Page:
At its size, “Mattson is one of the last companies you can buy,” Hutcheson concluded.

Lam Research, KLA-Tencor to Combine in $10.6 Billion Deal

Wednesday, October 21st, 2015

By Jeff Dorsch, Contributing Editor

Lam Research has agreed to acquire KLA-Tencor for $10.6 billion in cash and stock. The two giant suppliers of semiconductor capital equipment expect to close the transaction in mid-2016, subject to regulatory and shareholder approval.

The mammoth deal was announced on the same day as Western Digital saying it will purchase SanDisk for about $19 billion in cash and stock, continuing the yearlong trend of consolidation and megamergers in the semiconductor industry, and now in IC equipment, as well.

The news of the proposed tie-up between Lam and KLA-Tencor was greeted enthusiastically by industry analysts and perhaps less so at 3050 Bowers Avenue in Santa Clara, California – the headquarters of Applied Materials.

Srini Sundararajan, an analyst with Summit Research Partners, wrote of the blockbuster deal, “This is just what the doctor ordered. It removes excessive dependence of LRCX on memory and excessive dependence of KLAC on foundry/logic.  We expect minimal opposition to this deal from the various jurisdictions, rather easily handled.  Second, this deal is quite negative for Applied Materials (AMAT) and Hermes Microvision and perhaps for ASML also.  In the case of AMAT, their process diagnostics and control division being based in Israel does not allow of meshing of capabilities, and product synergies really don’t exist.  In the case of Hermes Microvision, since etch is the pre-dominant user of e-beam inspection due to testing of contacts, a combination of KLAC and LRCX with both e-beam and etch capabilities can be lethal.”

Both companies have experience in large mergers, with Lam acquiring Novellus Systems in 2012. KLA Instruments merged with Tencor Instruments in 1997. And both companies are generally active in strategic acquisitions.

The megadeal values KLA-Tencor common stock at roughly $67.02 per share, a premium of about 24 percent to KLAC’s closing price of $53.86 on Tuesday (October 20).

With the closing of the deal, KLA-Tencor shareholders will own around 32 percent of the combined company, which will be called Lam Research Corporation. Martin Anstice, president and chief executive officer of Lam Research, will serve as the combined company’s CEO. Lam Chairman Steve Newberry will continue in that post. Upon closing, two members of the KLA-Tencor board of directors will join the Lam board.

Lam Research also reported net income of $288.7 million on revenue of $1.6 billion for the quarter ended September 27, compared with net income of $141.1 million on revenue of $1.15 billion for the same quarter a year ago.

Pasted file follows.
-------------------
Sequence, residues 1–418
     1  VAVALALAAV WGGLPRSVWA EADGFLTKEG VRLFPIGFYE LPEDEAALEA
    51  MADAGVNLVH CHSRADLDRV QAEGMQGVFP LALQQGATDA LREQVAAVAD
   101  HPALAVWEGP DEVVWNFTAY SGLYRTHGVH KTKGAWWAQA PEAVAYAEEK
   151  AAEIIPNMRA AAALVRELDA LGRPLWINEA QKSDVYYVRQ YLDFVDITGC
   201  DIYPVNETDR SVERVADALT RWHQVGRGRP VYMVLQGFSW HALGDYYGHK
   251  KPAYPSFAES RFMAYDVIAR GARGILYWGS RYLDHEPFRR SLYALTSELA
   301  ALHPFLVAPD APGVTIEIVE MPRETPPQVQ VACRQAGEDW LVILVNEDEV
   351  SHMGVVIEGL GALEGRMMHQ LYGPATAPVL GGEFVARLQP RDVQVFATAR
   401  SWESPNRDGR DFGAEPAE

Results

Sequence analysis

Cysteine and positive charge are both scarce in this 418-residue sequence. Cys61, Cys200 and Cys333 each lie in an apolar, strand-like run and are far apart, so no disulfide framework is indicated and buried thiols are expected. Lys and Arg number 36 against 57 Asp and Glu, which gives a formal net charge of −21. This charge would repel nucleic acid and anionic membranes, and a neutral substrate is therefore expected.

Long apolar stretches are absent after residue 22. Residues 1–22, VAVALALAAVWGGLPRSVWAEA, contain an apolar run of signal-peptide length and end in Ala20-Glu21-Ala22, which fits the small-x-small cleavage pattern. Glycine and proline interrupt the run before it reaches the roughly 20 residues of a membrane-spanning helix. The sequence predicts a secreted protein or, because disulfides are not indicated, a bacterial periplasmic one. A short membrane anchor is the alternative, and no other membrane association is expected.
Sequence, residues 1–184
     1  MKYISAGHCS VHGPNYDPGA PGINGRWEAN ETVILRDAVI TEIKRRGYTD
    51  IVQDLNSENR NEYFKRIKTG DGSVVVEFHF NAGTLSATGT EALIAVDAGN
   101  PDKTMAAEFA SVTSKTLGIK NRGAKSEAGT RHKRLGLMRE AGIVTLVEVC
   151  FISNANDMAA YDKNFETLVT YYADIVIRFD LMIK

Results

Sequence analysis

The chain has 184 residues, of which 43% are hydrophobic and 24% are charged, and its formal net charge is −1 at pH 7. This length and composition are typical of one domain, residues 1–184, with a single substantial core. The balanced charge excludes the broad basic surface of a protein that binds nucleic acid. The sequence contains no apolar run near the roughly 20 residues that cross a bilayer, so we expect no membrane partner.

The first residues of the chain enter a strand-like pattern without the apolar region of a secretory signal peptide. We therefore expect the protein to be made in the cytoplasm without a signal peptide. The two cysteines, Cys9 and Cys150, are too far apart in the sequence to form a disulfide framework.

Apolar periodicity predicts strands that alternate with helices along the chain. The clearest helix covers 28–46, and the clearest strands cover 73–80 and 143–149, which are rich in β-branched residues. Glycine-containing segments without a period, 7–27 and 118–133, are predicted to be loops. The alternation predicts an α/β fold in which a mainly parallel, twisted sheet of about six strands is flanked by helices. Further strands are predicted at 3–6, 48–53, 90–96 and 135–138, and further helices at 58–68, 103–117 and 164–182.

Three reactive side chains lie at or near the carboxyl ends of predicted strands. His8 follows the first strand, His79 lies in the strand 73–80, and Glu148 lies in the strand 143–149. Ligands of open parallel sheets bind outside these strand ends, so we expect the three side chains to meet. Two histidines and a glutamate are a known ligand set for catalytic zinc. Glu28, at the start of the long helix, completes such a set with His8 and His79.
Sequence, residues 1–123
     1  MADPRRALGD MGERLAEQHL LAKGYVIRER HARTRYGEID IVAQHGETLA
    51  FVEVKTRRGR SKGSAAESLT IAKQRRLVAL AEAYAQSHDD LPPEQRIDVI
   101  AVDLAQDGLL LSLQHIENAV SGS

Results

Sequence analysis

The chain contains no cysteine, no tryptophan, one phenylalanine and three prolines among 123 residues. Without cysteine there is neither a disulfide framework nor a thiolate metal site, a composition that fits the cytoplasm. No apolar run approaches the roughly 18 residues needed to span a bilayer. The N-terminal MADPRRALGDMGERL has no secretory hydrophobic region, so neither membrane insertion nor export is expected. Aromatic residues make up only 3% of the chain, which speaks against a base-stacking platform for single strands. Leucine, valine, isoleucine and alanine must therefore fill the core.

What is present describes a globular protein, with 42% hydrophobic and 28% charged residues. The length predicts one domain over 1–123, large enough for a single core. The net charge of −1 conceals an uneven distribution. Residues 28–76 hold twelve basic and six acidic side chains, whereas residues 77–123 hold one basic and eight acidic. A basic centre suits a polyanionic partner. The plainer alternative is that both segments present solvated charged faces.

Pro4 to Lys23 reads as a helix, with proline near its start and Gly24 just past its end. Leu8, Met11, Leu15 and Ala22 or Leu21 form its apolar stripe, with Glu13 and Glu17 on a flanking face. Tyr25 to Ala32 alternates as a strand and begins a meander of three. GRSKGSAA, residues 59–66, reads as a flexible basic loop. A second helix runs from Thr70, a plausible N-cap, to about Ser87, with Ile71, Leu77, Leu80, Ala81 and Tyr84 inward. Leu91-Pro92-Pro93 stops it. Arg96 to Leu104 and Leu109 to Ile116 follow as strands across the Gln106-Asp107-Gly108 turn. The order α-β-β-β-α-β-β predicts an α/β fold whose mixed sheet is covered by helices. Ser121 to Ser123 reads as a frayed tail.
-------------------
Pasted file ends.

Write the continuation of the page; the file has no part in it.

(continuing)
KLA-Tencor reported results for its fiscal first quarter ended September 30, with net income of $104.9 million on revenue of $642.64 million. That compared with year-ago net income of $72.23 million on revenue of $642.9 million.

Got MEMS? Get In Touch With memsstar For Production Equipment

Friday, July 17th, 2015

By Jeff Dorsch, Contributing Editor

As you might guess from the company’s name, memsstar is involved in microelectromechanical system (MEMS) devices. The company offers manufacturing equipment for “MEMS-specific production,” says CEO Tony McKie.

Based in Livingston, Scotland, memsstar wants to help in making “MEMS on top of silicon,” he adds.

“There are no such things as standard MEMS,” McKie notes. “MEMS are becoming more complicated.”

While most people are familiar with the MEMS devices in smartphones, like accelerometers and pressure sensors, the Internet of Things will call for different kinds of MEMS and other products, according to McKie. “You need hardware to do that,” he says of IoT. “The rest is filled by software.”

McKie estimates the worldwide market for MEMS production equipment is currently worth about $10 million to $15 million a year. “It’s a growing market,” he says. IoT and other new technologies call for “more and more things that are not CMOS-related,” he adds. Producing new types of MEMS will likely see the startup of more 200-millimeter wafer fabrication facilities, according to McKie.

The primary competitor of memsstar is the SPTS Technologies subsidiary of Orbotech, McKie says.

The company is also involved in refurbishing and remanufacturing deposition and etch equipment from such vendors as Applied Materials, Lam Research, and Novellus Systems (now part of Lam), while providing spare parts for those systems.